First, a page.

Plastic, Stainless Steel, Glass or Copper?
The Great Water Storage Debate

by Arreaux Royce

In the past few years, I’m sure everyone has heard some news about what kind of water we should or shouldn’t be drinking. Purified, alkaline, distilled, natural spring, etc. . .  Which is best? It’s up to you to do your own research and decide. But we do at least know which water NOT to drink, and that’s tap. If tap is all that’s available, it definitely needs to be filtered and/or boiled before drinking. 


But one important detail that’s missing in this conversation is how we store our water. Our only choice nowadays seem to be only plastic, with glass coming in a very distant second, with a few manufacturers using aluminum cans and/or stainless steel bottles. Centuries ago, the only choices were animal skins or clay and copper vessels. So which is best? In this article we’ll get into the pros and cons of each so you can better decide which is best for you. 





Unfortunately, plastic is the norm nowadays, but absolutely not the best option. 1Plastics can release chemicals such as bisphenol-A (BPA) and polyethylene terephthalate (PET) that mimic the sex hormone estrogen, according to a study in Environmental Health Perspectives. 2According to the Mayo Clinic, chemicals leached from plastics wreak havoc on the endocrine system, causing a condition called estrogen dominance, which in turn causes toxic fat gain, water retention and bloating. Hormonal disruption may be linked to many other conditions such as PCOS, hypothyroidism, 3negative effects on the brain/behavior and prostate gland issues of fetuses, infants, and children. A possible link between BPA and high blood pressure has also been reported.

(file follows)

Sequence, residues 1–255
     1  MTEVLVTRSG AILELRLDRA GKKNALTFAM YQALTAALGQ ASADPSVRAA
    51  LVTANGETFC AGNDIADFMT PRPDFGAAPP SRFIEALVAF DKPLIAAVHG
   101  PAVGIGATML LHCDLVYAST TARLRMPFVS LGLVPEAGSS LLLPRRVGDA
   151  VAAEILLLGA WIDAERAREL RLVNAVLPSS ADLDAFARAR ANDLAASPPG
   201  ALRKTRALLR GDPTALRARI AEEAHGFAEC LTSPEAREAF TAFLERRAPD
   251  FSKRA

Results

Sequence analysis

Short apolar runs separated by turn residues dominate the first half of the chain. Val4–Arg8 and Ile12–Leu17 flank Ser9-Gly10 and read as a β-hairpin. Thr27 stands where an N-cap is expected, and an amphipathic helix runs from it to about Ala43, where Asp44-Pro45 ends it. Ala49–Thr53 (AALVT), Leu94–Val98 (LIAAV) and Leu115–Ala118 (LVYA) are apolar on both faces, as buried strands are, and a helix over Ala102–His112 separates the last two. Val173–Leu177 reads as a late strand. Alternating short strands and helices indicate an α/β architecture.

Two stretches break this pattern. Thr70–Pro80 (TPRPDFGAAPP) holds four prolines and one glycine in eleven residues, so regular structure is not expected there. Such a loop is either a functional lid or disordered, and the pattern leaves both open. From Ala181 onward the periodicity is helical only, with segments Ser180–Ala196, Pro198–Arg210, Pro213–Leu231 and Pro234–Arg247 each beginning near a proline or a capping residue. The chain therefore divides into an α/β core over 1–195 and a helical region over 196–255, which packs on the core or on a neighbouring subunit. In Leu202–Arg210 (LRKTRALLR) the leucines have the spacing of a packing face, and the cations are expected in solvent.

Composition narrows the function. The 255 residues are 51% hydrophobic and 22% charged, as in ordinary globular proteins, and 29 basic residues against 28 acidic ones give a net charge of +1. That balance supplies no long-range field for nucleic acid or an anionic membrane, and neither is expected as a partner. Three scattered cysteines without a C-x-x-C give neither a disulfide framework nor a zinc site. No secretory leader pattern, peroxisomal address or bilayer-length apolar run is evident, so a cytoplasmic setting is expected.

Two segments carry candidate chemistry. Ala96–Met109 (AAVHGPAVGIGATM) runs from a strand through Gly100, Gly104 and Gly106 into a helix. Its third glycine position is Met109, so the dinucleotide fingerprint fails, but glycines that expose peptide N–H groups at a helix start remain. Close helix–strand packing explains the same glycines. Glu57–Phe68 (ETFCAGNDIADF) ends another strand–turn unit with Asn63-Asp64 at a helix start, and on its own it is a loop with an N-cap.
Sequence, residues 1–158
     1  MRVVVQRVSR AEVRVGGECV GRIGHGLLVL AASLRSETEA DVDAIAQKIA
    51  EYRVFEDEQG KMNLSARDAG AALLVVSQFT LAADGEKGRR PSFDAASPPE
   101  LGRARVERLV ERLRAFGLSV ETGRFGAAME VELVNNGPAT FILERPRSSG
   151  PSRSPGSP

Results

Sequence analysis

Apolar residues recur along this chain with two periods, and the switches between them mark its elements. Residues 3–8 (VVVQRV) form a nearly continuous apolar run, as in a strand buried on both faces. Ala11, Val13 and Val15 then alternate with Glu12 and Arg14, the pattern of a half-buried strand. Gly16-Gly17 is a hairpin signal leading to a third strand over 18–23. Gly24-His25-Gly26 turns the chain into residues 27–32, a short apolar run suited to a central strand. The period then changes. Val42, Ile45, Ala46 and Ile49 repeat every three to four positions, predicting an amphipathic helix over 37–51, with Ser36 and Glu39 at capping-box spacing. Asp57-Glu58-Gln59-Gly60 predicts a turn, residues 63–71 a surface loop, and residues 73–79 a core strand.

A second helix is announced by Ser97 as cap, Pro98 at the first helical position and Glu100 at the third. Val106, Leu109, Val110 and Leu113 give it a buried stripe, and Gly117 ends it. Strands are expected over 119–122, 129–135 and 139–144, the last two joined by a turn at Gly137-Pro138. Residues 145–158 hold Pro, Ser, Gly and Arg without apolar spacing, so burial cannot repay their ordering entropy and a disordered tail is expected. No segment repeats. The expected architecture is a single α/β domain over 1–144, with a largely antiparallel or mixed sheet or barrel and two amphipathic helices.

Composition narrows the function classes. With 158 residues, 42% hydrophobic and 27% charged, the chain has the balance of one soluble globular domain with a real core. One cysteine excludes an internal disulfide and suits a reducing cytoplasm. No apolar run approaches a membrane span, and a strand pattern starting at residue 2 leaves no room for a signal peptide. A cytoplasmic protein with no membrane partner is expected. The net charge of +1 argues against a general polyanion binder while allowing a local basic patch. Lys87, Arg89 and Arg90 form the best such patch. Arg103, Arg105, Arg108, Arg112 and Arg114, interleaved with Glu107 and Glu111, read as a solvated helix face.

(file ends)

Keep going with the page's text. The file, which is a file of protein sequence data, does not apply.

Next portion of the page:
Under perfectly controlled conditions, water can possibly be safely stored in plastics, 4but factors like heat and cold, or scratched and worn plastics containers increase the likelihood of water contamination due to BPA and PET. These factors can be somewhat controlled after our purchase, but conditions in warehouses and during transport are unknown and wildly unpredictable. 


(One thing that’s very important to mention in all this is the thickness of the plastic. Excessive BPA/PET leaching is a characteristic more prominent with thin plastics used for small water bottles. Thicker, high-quality plastic used for 5-gallon water dispensers has less leaching, resulting in fewer potential health problems but these higher-quality plastic containers are always reused, resulting in old plastic leading to the same problems listed above.)


Water stored in plastics shouldn’t be your first option to drink, but in reality it’s often it’s our only option. When faced with the choice of drinking water from plastics or not drinking any at all, the choice is obvious. Drink up until better options are available.




Aluminum x Stainless Steel


Aluminum cans and water bottles are generally considered safe, but because 5aluminum is reactive to acidic liquids, most cans are lined with an epoxy resin that contains BPA. While this isn’t a problem if you’re drinking water with a neutral pH of 7, it becomes a very serious issue when you think of the acidic pH of canned sparkling water and canned foods. 


Note: (The pH scale ranges from 1-14. Any number under 7 is acidic, over 7 is alkaline. Sparkling water has a pH of 3-4). 


Aluminum and stainless steel tops the list as far as durability, but aluminum cans lose a few points due to the fact they can’t be re-closed and properly transported after opening.


Stainless steel bottles (and utensils) are also not 6known to leach any chemicals when in contact with distilled water (remember, distilled = neutral ph of 7), but they are shown to leach chromium and nickel into all foods and acidic liquids, such as fruit juice, milk, coffee, tea, pickle juice, yogurts and curd.